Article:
However, Google’s Martin Splitt, a webmaster trends analyst, recently suggested that webmasters should begin moving away from the coding language to rank most quickly on search engines.

In an SEO Mythbusting video exploring the topic of web performance and search engine optimization, Splitt and Ada Rose Cannon of Samsung found themselves talking about JavaScript.

Specifically, they discussed how using too much JS can drag down a site’s performance and potentially drag them down in Google’s search index.

How JavaScript Holds Content Back

One of the biggest issues that arise with overusing JS is when sites publish content on a daily basis.

Google uses a two-pass indexing process to help verify content before it is added to the search index. In the case of a JavaScript-heavy page, Google first renders the non-JS elements like HTML and CSS. Then, the page gets put into a queue for more advanced crawling to render the rest of the content as processing resources are available.

This means Java-heavy pages may not be completely crawled and indexed for up to a week after being published.

For time-sensitive information, this can be the difference between being on the cutting-edge and getting left behind.

What You Can Do Instead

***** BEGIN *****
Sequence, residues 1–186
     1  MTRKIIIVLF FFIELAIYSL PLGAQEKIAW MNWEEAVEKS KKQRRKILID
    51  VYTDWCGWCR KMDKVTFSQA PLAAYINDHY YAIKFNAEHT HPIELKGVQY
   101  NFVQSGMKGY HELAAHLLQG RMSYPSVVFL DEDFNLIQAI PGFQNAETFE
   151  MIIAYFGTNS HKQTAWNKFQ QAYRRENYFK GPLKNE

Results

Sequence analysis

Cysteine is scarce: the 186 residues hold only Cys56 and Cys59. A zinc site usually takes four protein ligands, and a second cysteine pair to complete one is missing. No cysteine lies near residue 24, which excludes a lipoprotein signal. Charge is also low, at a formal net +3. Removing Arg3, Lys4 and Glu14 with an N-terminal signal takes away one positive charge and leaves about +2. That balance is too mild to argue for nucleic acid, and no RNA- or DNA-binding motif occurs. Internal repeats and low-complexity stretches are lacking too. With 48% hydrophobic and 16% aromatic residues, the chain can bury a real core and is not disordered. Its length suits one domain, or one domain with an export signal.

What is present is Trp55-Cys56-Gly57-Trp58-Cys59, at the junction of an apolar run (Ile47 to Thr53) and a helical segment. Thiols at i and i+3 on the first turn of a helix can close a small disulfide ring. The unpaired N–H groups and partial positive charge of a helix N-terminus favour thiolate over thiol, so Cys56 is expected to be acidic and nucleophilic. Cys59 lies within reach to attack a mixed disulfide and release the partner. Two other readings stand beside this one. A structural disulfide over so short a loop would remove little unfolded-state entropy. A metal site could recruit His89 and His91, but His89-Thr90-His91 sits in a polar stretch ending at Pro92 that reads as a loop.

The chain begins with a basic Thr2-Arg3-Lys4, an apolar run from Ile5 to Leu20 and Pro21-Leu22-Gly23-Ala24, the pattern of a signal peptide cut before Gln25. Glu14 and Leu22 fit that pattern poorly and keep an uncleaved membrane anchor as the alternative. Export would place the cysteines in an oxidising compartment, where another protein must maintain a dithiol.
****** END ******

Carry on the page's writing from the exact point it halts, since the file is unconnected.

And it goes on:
Splitt offers a few different techniques developers can use to ensure their site is being efficiently crawled and indexed as new content is published.

One way to get around the issue would be to use dynamic rendering, which provides Google with a static rendered version of your page – saving them the time and effort of rendering and crawling the page themselves.

The best course of action, though, would be to simply rely primarily on HTML and CSS for time-sensitive content.

Splitt takes time to explain that JavaScript is not inherently bad for your SEO or search rankings. Once they are indexed, JS-heavy sites “rank just fine.” The issue is ensuring content is crawled and indexed as quickly and efficiently as possible, so you can always be on the cutting edge.

The discussion gets pretty technical, but you can view the entire discussion in the full video below:

This week, Google announced it will begin adding new websites to its mobile-first index by default beginning July 1. However, older sites that have yet to be added to the mobile-first index will still be exempt until they are updated to be mobile-friendly.

In the announcement, Google explained that “mobile-first indexing will be enabled by default for all new, previously unknown to Google Search, websites starting July 1, 2019. It’s fantastic to see that new websites are now generally showing users – and search engines – the same content on both mobile and desktop devices.”

While new sites will be moved to the mobile-first index, older sites which have not been added will not be migrated over yet.

“For older websites, we’ll continue monitoring and evaluating pages for their readiness for mobile first indexing and will notify them through Search Console once they’re seen as being ready,” as the announcement said.

No Notifications

Google has been notifying site owners when their site has been migrated to the mobile-first index through Search Console notifications. However, this will not be the case for new sites that are added to the index by default.